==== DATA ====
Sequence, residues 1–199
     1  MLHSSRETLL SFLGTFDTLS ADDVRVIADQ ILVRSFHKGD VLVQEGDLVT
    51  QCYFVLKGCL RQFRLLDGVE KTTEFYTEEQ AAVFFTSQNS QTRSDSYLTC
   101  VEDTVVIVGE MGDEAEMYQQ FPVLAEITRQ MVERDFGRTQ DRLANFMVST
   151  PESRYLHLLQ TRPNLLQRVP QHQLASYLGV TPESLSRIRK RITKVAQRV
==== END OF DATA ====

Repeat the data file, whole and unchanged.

Sequence, residues 1–199
     1  MLHSSRETLL SFLGTFDTLS ADDVRVIADQ ILVRSFHKGD VLVQEGDLVT
    51  QCYFVLKGCL RQFRLLDGVE KTTEFYTEEQ AAVFFTSQNS QTRSDSYLTC
   101  VEDTVVIVGE MGDEAEMYQQ FPVLAEITRQ MVERDFGRTQ DRLANFMVST
   151  PESRYLHLLQ TRPNLLQRVP QHQLASYLGV TPESLSRIRK RITKVAQRV